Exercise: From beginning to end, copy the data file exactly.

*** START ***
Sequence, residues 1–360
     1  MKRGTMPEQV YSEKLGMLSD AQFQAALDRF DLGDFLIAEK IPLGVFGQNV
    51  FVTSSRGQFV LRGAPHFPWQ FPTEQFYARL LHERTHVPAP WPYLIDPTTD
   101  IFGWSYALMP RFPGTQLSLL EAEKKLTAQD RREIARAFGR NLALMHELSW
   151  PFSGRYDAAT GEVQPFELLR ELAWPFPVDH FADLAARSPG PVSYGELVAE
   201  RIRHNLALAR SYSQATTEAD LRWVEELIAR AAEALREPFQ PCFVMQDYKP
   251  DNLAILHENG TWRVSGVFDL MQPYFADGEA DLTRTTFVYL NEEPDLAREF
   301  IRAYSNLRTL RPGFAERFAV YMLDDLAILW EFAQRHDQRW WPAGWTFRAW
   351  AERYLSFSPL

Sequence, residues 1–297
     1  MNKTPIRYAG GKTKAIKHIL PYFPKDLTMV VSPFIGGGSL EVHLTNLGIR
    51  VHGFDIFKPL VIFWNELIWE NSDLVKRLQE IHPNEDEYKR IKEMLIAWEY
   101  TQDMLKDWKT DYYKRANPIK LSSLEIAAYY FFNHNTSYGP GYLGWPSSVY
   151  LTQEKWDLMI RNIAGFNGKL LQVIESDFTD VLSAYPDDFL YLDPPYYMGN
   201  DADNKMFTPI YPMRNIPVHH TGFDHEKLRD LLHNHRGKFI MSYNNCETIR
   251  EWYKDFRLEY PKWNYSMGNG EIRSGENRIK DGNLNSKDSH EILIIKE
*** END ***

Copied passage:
Sequence, residues 1–360
     1  MKRGTMPEQV YSEKLGMLSD AQFQAALDRF DLGDFLIAEK IPLGVFGQNV
    51  FVTSSRGQFV LRGAPHFPWQ FPTEQFYARL LHERTHVPAP WPYLIDPTTD
   101  IFGWSYALMP RFPGTQLSLL EAEKKLTAQD RREIARAFGR NLALMHELSW
   151  PFSGRYDAAT GEVQPFELLR ELAWPFPVDH FADLAARSPG PVSYGELVAE
   201  RIRHNLALAR SYSQATTEAD LRWVEELIAR AAEALREPFQ PCFVMQDYKP
   251  DNLAILHENG TWRVSGVFDL MQPYFADGEA DLTRTTFVYL NEEPDLAREF
   301  IRAYSNLRTL RPGFAERFAV YMLDDLAILW EFAQRHDQRW WPAGWTFRAW
   351  AERYLSFSPL

Sequence, residues 1–297
     1  MNKTPIRYAG GKTKAIKHIL PYFPKDLTMV VSPFIGGGSL EVHLTNLGIR
    51  VHGFDIFKPL VIFWNELIWE NSDLVKRLQE IHPNEDEYKR IKEMLIAWEY
   101  TQDMLKDWKT DYYKRANPIK LSSLEIAAYY FFNHNTSYGP GYLGWPSSVY
   151  LTQEKWDLMI RNIAGFNGKL LQVIESDFTD VLSAYPDDFL YLDPPYYMGN
   201  DADNKMFTPI YPMRNIPVHH TGFDHEKLRD LLHNHRGKFI MSYNNCETIR
   251  EWYKDFRLEY PKWNYSMGNG EIRSGENRIK DGNLNSKDSH EILIIKE